On Friday, May 13, I was having dinner with friends and the subject turned to superstitions. When my turn came I fessed up: I am a sports jinx. Or at least I feel like one. Tonight is one of the biggest games in recent Cleveland sports history: Game 6 of the NBA Eastern Conference Semi-Finals and I am not watching.
I have gone so far as to check the score: Cleveland is up 37-29 with just under 9 minutes left in the 2nd Quarter.
Now I realize the utter ridiculousness of my feeling. It’s not really me. But it sure feels like it sometimes.
I also realize that a big part of the problem is being a Cleveland sports fan: Cavs, Browns, Indians. But I’ve never been one to give up on the teams I grew up with.
ESPN recently did a documentary called Believeland about the long history of sports disappointment in Cleveland. I went to the premiere during the Cleveland International Film Festival. The filmmakers almost got it right–and like the Browns they left the story on the one yard line.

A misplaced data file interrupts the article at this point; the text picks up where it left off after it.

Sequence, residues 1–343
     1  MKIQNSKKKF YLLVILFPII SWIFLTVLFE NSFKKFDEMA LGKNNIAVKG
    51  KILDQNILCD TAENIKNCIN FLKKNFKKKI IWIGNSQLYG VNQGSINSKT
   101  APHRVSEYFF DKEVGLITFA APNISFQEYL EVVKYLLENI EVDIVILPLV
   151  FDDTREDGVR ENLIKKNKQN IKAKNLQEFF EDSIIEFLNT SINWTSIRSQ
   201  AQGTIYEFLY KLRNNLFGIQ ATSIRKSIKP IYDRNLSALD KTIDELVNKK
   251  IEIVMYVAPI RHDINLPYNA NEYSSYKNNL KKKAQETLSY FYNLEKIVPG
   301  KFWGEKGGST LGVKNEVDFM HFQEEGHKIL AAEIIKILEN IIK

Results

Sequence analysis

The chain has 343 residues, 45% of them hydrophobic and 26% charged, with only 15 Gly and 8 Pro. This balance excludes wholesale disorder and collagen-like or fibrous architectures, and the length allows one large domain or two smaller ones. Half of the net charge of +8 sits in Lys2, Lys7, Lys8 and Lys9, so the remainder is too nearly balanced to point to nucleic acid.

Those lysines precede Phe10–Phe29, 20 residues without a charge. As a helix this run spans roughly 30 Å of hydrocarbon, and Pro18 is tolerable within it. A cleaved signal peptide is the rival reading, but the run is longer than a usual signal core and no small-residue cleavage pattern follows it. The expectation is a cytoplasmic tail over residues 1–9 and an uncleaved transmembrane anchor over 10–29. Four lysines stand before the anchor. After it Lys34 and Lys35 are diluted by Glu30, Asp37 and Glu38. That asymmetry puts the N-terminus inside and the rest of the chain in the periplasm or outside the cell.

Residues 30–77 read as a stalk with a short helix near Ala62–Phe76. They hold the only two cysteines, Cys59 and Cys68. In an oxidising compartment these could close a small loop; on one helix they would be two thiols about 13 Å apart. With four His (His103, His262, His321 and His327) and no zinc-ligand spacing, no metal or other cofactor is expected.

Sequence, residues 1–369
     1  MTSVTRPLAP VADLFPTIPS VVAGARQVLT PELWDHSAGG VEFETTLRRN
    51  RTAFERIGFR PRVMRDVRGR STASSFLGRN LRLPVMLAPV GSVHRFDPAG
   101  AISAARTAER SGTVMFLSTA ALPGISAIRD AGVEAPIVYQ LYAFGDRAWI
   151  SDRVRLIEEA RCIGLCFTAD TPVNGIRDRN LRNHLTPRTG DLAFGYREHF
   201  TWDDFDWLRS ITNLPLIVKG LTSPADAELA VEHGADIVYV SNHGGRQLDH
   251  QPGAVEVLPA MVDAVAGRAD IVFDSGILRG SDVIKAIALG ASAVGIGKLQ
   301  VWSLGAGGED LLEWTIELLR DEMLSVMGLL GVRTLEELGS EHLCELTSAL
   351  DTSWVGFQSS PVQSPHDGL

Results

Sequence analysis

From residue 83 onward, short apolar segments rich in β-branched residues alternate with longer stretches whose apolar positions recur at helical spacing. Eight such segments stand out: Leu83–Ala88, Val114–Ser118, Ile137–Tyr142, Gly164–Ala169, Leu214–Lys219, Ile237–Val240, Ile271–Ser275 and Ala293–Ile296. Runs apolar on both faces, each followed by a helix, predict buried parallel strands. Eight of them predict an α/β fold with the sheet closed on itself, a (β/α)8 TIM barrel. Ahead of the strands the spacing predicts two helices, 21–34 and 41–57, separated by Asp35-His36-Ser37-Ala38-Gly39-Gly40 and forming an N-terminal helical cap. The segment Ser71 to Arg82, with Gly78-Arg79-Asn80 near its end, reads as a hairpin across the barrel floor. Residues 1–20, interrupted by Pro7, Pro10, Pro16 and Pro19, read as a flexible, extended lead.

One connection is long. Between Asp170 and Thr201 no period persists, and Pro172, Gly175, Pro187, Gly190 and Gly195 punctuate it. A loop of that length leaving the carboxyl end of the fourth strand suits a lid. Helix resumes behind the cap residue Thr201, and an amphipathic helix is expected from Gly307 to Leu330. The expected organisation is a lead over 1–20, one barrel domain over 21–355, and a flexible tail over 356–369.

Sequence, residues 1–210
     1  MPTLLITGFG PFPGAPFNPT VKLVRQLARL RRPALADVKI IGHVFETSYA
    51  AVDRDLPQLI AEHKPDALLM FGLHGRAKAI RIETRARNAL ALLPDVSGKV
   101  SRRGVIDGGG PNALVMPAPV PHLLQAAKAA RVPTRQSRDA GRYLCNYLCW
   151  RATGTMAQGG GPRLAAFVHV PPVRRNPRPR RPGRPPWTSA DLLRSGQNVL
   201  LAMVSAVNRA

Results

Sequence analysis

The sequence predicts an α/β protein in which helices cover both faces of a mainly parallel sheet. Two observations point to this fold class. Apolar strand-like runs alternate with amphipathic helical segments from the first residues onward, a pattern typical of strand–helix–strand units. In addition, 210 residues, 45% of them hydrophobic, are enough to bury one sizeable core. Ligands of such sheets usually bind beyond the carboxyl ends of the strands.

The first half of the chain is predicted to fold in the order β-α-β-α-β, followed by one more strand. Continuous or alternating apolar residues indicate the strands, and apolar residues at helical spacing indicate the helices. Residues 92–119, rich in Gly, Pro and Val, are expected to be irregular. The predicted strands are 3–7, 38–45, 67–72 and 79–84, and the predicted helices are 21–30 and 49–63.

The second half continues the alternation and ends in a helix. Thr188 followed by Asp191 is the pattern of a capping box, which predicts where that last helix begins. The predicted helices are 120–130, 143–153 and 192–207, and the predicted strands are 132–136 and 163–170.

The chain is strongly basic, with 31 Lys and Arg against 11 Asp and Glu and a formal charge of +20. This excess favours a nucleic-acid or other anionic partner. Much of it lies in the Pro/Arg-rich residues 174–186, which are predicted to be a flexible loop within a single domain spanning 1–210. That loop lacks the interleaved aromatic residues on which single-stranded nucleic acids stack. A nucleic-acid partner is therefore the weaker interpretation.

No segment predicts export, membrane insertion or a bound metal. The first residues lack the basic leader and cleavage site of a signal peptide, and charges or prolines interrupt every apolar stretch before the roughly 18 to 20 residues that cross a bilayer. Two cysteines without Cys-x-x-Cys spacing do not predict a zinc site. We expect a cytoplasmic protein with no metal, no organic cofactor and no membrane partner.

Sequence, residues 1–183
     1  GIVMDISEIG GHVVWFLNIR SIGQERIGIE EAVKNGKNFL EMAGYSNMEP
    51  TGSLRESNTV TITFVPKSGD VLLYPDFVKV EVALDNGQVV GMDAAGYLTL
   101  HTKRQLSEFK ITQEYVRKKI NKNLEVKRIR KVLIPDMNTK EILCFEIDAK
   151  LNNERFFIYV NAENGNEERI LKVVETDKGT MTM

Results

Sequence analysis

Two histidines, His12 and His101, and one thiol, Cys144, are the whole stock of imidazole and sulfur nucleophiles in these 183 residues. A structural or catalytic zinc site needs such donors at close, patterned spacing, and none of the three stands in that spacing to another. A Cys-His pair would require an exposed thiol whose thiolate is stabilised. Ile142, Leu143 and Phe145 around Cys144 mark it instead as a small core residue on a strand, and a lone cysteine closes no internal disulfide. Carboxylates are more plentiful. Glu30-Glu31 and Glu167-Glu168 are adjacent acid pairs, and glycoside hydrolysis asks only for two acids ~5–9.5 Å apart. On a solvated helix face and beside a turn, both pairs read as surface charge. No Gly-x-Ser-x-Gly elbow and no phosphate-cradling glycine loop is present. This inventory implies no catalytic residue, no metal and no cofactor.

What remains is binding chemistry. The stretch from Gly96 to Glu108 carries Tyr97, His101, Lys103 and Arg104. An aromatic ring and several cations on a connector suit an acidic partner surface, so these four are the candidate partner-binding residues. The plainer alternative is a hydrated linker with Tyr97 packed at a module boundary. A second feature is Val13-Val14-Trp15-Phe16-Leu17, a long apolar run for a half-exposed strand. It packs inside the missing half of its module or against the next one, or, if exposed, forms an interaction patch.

They documented they disappointments, athletic, economic, and social. They had a father and son at a diner counter as the narrative element. But it just missed explaining why in the world Cleveland sports fans keep coming back. They missed the threads about place, and migration and tradition and identity.
The flip side to missing that is that you can take the gloom and doom too seriously. Which I sometimes do. The Cavs went 10-0 in the playoffs and then lost two straight to the Toronto Raptors. I went to work on Tuesday thinking, “Is this how it ends? Is this it?”
Then the Cavs came back and beat Toronto by 38 points on Wednesday: that’s more like it.
No, I did not watch that game. I was riding home from the airport and checking the score on my phone. That felt pretty risky.
So tonight I’ve decided to wait until the second half. If we’re still up by double digits, I might tune in.
That feels pretty risky, too.
A couple of years ago Budweiser did a commercial which is remembered as the “Basement Commercial.” It’s part of the “Whatever it takes” series of ads about sports superstitions. In the “Basement,” a guy’s friends banish him to the basement because whenever he goes there the team scores.
I know how he feels.
If things go badly after I start watching, I can always turn the game off and hope they recover.
Wish me–and Cleveland–luck.